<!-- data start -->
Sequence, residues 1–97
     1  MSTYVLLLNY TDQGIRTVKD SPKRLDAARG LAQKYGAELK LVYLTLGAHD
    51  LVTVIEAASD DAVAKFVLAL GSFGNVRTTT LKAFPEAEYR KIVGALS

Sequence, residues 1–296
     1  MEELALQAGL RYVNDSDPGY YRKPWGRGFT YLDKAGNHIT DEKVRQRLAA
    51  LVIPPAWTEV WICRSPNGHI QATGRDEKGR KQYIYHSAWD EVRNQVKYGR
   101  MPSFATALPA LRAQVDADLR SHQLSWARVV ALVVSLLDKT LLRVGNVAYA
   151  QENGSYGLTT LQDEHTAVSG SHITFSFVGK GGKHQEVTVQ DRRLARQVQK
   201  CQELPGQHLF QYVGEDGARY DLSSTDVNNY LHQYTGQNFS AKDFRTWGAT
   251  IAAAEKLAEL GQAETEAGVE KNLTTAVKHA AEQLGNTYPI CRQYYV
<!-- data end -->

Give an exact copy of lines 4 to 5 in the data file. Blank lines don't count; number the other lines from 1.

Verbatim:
Sequence, residues 1–296
     1  MEELALQAGL RYVNDSDPGY YRKPWGRGFT YLDKAGNHIT DEKVRQRLAA